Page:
Leagues like CYFL, Columbia Supreme Leagues, Diamond Council and many others have been trying to keep youth playing sports despite the financial demand. One of the main contributors to ensuring kids aren’t turned away due to cost is the Day Dreams Foundation. Joe Bradley, the current board president, founded the non-profit to find financial assistance for his then-little brother through the Big Brothers Big Sisters of Central Missouri program in 2014. Despite having a sports background where the cost never was a concern for Bradley, he started the foundation to eliminate financial barriers for all extracurriculars.
Day Dreams provides 5- to 18-year-olds in the Columbia School District with scholarships to help cover the cost of fees associated with youth sports and other non-sport extracurriculars. It also assists with uniforms and other equipment through its gently used equipment closet. If Day Dreams doesn’t have the equipment or size needed, they can provide a gift card for families to purchase what they need. The application process is simple. If a kid qualifies for free and reduced lunch at school and can get a letter of recommendation from someone outside their family, he or she will be considered for a scholarship to cover part or all costs for an extracurricular activity.
This year, CYFL has around 20-25 kids who have received a scholarship through Day Dreams. Last year, the league reached the maximum number of kids that could go through the foundation during that time. Moyers said about 10-15 kids out of 220 received scholarships. The foundation, in its seven years being open, has helped out a ton for organizations like CFYL that don’t have a scholarship program like the Diamond Council does for its recreational side.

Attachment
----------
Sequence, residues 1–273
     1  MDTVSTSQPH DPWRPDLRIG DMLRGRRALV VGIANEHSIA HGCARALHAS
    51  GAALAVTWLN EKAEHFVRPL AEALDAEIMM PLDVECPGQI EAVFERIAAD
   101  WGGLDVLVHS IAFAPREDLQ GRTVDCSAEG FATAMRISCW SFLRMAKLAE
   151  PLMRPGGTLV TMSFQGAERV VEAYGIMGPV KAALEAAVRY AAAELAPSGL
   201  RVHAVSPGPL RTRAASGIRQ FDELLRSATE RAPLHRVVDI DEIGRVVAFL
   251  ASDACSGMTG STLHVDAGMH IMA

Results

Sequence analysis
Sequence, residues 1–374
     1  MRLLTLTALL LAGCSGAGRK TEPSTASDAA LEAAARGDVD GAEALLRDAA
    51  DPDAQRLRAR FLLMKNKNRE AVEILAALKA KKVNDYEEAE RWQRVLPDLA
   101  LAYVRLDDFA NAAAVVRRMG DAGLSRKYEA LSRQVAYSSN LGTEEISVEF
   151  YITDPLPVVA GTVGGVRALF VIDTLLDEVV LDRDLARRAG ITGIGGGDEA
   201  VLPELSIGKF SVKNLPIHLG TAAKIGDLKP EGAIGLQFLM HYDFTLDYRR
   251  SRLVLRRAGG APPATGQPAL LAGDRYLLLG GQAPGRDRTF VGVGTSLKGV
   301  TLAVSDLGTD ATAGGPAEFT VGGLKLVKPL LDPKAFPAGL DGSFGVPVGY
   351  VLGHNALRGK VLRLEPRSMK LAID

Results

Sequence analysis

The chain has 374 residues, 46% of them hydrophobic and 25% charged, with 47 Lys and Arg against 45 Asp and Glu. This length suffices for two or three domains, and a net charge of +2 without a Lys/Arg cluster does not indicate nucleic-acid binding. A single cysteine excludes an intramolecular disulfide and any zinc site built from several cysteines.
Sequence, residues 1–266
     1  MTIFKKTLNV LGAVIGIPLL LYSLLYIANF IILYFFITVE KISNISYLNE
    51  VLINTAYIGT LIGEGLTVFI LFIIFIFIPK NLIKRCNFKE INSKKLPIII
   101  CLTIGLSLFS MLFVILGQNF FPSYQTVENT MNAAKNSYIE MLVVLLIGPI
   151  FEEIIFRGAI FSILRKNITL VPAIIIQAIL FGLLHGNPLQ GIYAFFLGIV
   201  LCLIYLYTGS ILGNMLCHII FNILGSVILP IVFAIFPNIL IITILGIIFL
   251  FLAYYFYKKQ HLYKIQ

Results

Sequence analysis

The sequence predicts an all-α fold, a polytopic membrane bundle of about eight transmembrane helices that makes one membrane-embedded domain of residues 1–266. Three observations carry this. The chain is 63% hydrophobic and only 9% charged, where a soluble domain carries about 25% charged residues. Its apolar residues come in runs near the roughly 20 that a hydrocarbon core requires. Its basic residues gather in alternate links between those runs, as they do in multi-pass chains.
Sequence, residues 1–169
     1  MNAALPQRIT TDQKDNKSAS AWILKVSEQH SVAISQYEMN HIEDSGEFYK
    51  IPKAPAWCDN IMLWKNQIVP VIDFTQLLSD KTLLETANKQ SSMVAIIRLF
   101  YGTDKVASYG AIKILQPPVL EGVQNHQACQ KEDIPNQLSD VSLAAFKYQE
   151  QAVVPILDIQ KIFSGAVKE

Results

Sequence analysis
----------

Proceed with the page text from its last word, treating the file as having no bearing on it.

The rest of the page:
“It’s getting more and more difficult, you know, the cost of running a league it’s going through the roof,” said Moyers. “The cost of equipment is going up, and parents want better, newer equipment to stay up with the safety protocols. And so, you know, it’s getting more difficult, but we still try to keep our cost low.”
In a survey done by the Aspen Institute in 2018, only 38% of kids ages 6 to 12 played team sports regularly, a 7% decrease from 2008. On average, according to the same survey, the average child today only spends about three years playing sports and quits by age 11. While there are multiple reasons why a kid might retire from sports, parents, coaches and leagues don’t want cost to be one of them.
Another organization helping to make a difference in Columbia is the Michael Porter Jr. Elite team. Porter Jr. announced the creation of this team March 9, 2021, on Instagram. Currently, that team only serves high school boys. Unlike most teams, Michael Porter Jr. Elite covers all costs for all players on their team, making this team essentially free for those skilled enough to earn a spot.
For many families, though, funding their kids’ recreational opportunities remains a life-changing challenge.
Nikki Bonaparte, sister of Columbia Supreme coach Anthony Johnson and the mother of a Columbia Supreme player, had to move back in with her parents to regroup and figure out how she would pay for and support her two sons playing basketball. “I just had to make that sacrifice to start over a couple of times,” said Bonaparte. “At that time, I was afraid of what people would think, how’s this going to affect my kids.
“Even now, I’m very meticulous with my finances because I need to make sure that I can cover not just our traveling, but I need to make sure I have what I need.”
Johnson reflects on his own life and see how his lack of ability to participate in travel teams gave him fewer opportunities.
“Some of these kids, (sports are) necessary to their advancement, to their growth and for them to be successful in life,” he said. “And I just think it’s a shame that you have to be able to afford it, to have those benefits.”